On the death of the master, Dr. Thomas Walker, in 1665, Obadiah declined to contest Clayton's election to the vacant office. He now, however, resided again in the college as senior fellow and tutor. He was a delegate of the university press in 1667, and through his influence an offer was made to Anthony à Wood (whose acquaintance about this time he had accidentally made in the coach on the way to Oxford) for the printing of the ‘History and Antiquities of Oxford’ (Wood, Life and Times, ii. 173). The mastership became again vacant by the death of Dr. Clayton on 14 June 1676, and Obadiah Walker was elected on 22 June 1676 by the unanimous consent of the fellows (Univ. Coll. Reg. p. 99). Though, when writing to a friend on 20 Nov. 1675, he complained of old age (Smith, manuscript Transcripts, x. 199), he soon proved himself an active head of the college. With energy he canvassed old members of the college for subscriptions towards the rebuilding of the big quadrangle, which was completed in April 1677. The same year the college, under the auspices of their new master, undertook an edition in Latin of Sir John Spelman's ‘Life of Alfred;’ this they did ‘that the world should know that their benefactions are not bestowed on mere drones’ (letter from O. W. 19 April 1677, ib. p. 192). This publication, though often attributed to Walker alone, was a joint production, ‘divers of the society assisting with their pains and learning’ (ib.); it was dedicated to Charles II with a fulsome comparison of that monarch to Alfred. The character of some of the notes in the volume, and Walker's connection with Abraham Woodhead's ‘popish seminary’ at Hoxton (Woodhead, who died in May 1678, left by will the priory at Hoxton to Walker), caused the master's conduct to be noted in the House of Commons towards the latter end of October 1678, when ‘several things were given in against him by the archdeacon of Middlesex’ (Hist. MSS. Comm. 12th Rep. App. vii. 150). He was ‘much suspected at this time to be a papist’ (ib.), and, says Wood, ‘had not Mr. Walker had a friend in the house who stood up for him, he would have had a messenger sent for him’ (Wood, Life and Times, ed. Clark, ii. 421); the same authority gives it that two of the fellows of the college made friends in the parliament-house to have the master turned out that one of them might succeed. Whatever inclination Walker entertained at this time towards the Roman church, on the heads of houses being called on 17 Feb. 1679 to make returns to the vice-chancellor of all persons in their societies suspected to be papists, he categorically denied that he knew of any such in his college. But in April of the same year his name was mentioned in Sir Harbottle Grimston's speech calling the attention of the house to the printing of popish books at the theatre at Oxford (ib. p. 449); and in June 1680 complaint was made to the vice-chancellor of the popish character of a sermon preached by one of his pupils at St. Mary's, and the booksellers in Oxford were forbidden to sell his book, ‘The Benefits of our Saviour Jesus Christ to Mankind,’ because of the passages savouring of popery (ib. p. 488). The course he was steering began to render him unpopular both in the town and university, where his main friends and supporters were Leybourne and Massey, and among the fellows Nathaniel Boys and Thomas Deane.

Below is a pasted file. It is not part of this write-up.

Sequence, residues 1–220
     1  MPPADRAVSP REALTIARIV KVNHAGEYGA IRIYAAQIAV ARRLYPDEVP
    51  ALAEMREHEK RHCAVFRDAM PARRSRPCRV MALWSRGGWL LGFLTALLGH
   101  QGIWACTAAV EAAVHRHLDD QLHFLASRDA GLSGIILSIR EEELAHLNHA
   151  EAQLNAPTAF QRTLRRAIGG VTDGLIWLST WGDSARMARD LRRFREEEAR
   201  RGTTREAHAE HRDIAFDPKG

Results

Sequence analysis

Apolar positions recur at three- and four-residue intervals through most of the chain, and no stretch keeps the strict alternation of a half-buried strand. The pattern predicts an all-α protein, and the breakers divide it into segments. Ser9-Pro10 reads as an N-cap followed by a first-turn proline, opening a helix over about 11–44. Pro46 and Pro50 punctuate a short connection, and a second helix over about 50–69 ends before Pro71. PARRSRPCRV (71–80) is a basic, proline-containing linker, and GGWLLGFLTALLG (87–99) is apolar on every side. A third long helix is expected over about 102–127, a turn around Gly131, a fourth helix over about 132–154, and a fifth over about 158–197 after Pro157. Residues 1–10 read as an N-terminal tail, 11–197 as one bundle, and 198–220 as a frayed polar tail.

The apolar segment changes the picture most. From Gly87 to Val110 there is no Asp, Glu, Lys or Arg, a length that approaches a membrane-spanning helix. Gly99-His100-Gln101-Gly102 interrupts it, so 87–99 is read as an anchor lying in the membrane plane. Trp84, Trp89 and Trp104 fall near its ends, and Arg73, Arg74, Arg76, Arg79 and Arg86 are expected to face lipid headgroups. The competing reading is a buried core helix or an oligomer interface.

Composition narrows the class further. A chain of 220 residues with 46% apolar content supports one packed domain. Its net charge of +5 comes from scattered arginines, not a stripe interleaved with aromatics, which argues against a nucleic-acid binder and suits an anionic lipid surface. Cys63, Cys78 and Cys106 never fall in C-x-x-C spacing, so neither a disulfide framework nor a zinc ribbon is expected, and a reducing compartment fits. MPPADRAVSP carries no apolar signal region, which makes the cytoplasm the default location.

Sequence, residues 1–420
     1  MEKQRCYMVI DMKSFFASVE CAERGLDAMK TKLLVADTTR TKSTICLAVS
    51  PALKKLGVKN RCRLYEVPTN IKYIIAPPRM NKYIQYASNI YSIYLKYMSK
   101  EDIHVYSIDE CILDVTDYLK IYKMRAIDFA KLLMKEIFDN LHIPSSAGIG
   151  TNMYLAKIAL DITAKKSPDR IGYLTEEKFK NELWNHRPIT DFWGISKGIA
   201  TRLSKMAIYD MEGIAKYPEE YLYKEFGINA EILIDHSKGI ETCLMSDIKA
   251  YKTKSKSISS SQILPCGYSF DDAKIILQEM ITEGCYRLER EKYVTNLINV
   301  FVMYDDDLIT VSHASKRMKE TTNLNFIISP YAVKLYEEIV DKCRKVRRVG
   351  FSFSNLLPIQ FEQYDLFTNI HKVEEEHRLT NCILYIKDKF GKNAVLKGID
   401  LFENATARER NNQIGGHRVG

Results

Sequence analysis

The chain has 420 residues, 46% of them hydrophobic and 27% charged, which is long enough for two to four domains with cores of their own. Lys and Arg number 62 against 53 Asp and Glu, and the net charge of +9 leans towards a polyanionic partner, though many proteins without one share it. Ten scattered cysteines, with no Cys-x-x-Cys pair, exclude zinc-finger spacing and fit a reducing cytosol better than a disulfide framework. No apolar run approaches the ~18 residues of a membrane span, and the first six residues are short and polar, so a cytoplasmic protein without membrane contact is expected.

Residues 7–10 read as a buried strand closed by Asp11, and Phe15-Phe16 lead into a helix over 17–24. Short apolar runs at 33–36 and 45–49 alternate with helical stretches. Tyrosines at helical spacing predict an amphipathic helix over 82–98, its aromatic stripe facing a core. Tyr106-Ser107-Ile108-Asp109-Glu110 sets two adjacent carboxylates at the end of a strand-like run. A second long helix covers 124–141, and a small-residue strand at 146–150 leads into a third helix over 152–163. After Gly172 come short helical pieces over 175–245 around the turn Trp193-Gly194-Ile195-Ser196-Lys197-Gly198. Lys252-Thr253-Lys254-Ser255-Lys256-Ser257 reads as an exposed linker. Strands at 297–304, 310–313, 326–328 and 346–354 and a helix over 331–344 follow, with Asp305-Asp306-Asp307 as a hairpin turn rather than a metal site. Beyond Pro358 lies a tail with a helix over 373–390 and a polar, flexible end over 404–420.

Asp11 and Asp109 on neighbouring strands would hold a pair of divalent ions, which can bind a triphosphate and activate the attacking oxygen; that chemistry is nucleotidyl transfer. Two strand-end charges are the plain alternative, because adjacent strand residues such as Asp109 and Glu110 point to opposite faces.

On the accession of James II Walker's attitude soon became clear, for on 5 Jan. 1686 he went to London, being sent for by the king to be consulted as to changes in the university (Univ. Coll. Register). On this errand he remained away till nearly the end of the month, and on his recommendation his friend Massey is said to have been appointed dean of Christ Church. After Walker's return he did not go to prayers or receive the sacrament in the college chapel (Wood, Life, iii. 177). One result of his interviews with the king soon became apparent, for by a letter from James, dated 28 Jan. 1686, it was ordered that the revenue of the fellowship set free by the death of Edward Hinchcliffe should be sequestered into the hands of the master and applied ‘to such uses as we shall appoint, any custom or constitution of our said college to the contrary’ (ib. p. 110). In April in this year mass was held in the master's lodging, and on 3 May 1686 the master and three others were granted a royal license and dispensation ‘to absent themselves from church, common prayer, and from taking the oaths of supremacy and allegiance,’ and under the same authority were empowered to travel to London and Westminster, and to come and remain in the presence of the queen consort and queen dowager. This curious dispensation was effected by immediate warrant signed by the solicitor-general, as it could not have been safely passed under the privy seal (Evelyn, Diary, ed. Bray, iii. 21). In the same month Walker was also granted a license to print for twenty-one years a list of thirty-seven Roman catholic works, the only restriction being that the sale in any one year was not to exceed twenty thousand, and a private press for this purpose was erected in the college in the following year. He was also able at this time to exercise influence over the printing operations of the university; for under the will of Dr. Fell, who died on 10 July 1686, the patent of printing granted by Charles II was made over to Walker and two others (Hist. MSS. Comm. 7th Rep. App. p. 692). A chapel for public use was opened in the college on 15 Aug. 1686, rooms on the ground floor of the east side of the quadrangle, ‘in the entry leading from the quad on the right hand,’ being appropriated for the purpose; and the sequestered fellowship was applied for the maintenance of a priest, a Jesuit named Wakeman (Smith, Annals of University College). On the occasion of the king's visit to Oxford in September 1687, Walker (who had been created a J.P. for the county of Oxford, 7 July 1687) gave a public entertainment in the college, and James was present at vespers in the new chapel. Walker was consulted by the king as to the appointment of a new president of Magdalen; his sympathy was entirely with the sovereign, nothing, in his view, being plainer ‘than yt he who makes us corporations hath power also to unmake us’ (Bloxam, Magdalen College and James II, pp. 94, 237). By this expression of opinion and his general conduct his unpopularity was greatly increased, ‘popery being the aversion of town and university’ (ib.) In January 1688 the traders in the town complained of ‘the scholars being frighted away because of popery,’ and, says Wood, ‘Obadiah Walker has the curses of all both great and small’ (Wood, Life, iii. 209). The master, however, boldly pursued his course, and in February 1688 erected the king's statue over the inside of the college gate (ib. iii. 194). By means of correspondence he attempted this year to convert his old friend and pupil, Dr. John Radcliffe [q. v.] In a final letter (written 22 May 1688) to the doctor, whom he was quite unable to convince, Walker declared that he had only been confirmed in his profession of faith by reading Tillotson's book on the real presence, in deference to Radcliffe's wishes, and in the same letter he speaks of ‘that faith which, after many years of adhering to a contrary persuasion, I have through God's mercy embraced’ (Pittis, Memoirs of Dr. Radcliffe, ed. 1715, p. 18). The young wits of Christ Church were the authors of the following doggerel catch, which by their order was sung by ‘a poor natural’ at the master's door: